Moby Dick and Captain Ahab Reinvented: Effects of Cetacean Depredation on Alaskan Longline Fishermen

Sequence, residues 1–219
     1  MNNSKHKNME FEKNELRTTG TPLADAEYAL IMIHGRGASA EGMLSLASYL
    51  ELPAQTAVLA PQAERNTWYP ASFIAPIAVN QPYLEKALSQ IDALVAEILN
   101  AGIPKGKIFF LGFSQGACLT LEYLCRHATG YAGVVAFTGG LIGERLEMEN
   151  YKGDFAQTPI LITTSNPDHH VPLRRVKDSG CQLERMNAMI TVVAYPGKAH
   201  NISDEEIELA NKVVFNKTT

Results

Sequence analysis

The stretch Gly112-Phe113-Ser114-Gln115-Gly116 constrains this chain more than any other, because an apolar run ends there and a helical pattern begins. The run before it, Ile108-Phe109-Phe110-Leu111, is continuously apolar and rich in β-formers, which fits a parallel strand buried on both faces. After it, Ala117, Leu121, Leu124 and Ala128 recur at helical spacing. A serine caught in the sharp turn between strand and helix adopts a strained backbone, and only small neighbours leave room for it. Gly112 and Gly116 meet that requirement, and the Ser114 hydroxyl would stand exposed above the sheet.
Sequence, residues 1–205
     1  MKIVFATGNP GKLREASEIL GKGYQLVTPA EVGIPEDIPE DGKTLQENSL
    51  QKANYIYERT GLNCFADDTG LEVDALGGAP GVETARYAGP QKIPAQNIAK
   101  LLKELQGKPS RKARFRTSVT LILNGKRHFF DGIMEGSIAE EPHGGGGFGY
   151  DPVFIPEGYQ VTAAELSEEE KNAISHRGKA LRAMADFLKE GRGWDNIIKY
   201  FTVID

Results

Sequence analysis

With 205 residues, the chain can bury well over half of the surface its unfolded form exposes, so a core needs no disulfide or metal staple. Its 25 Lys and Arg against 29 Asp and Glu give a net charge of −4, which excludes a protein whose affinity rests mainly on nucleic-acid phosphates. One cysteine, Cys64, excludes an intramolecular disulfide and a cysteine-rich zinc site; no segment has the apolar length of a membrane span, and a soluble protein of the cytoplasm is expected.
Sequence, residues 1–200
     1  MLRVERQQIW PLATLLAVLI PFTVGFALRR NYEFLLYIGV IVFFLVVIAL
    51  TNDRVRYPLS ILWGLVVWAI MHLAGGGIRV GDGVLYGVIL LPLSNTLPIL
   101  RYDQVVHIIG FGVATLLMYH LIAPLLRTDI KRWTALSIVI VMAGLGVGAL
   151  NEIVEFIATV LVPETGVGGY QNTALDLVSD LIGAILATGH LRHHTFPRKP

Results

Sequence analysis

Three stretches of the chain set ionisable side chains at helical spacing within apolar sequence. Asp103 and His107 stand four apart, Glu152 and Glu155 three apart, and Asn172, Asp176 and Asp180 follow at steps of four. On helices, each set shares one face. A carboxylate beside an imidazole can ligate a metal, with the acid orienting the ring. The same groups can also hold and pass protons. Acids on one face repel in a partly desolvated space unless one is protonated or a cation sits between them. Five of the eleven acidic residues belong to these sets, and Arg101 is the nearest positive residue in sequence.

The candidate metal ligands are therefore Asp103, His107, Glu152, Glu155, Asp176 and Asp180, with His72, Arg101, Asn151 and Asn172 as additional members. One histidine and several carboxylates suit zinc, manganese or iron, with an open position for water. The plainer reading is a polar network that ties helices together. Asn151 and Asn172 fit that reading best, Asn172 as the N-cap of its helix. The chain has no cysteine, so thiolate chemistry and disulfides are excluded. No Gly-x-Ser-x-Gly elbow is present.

Apex predators such as killer whales (Orcinus orca) and sperm whales (Physeter macrocephalus) directly compete with humans for living marine resources. One example of this competition is whale depredation on longline fisheries in Alaska. Sperm whale and killer whale depredation occurs when whales remove fish from longline gear, and damage fish or fishing gear. Depredation events by killer whales and sperm whales are increasing globally in frequency, geographic extent, and severity. Whale depredation can reduce overall catch rates by up to 30% and individual sets catch rates by 100%. These interactions have negative consequences for both the fishermen and the whales. The goal of this project is to use semi-directed interviews with longline fishermen to determine how cetacean depredation is shaping fishing practices, sustainability and fishery management in Alaska. Initial interview results suggest fishermen are often forced to change fishing areas, change gear types, extend set soak times and travel greater distances to avoid depredating whales. Changes in fishing behavior associated with depredation often lead to less efficient fishing methods. Results from semi-directed interviews will be used to create a formal questionnaire for distribution in Alaskan longline fishing communities in 2011/2012. Findings and qualitative insights from this study will also support more quantitative depredation analyses. A better understanding of depredation in Alaska from the fishermen’s perspective will be important in determining feasible management options in the future. This research is necessary to effectively address the needs of fishermen while sustainably managing marine mammal and fish stocks.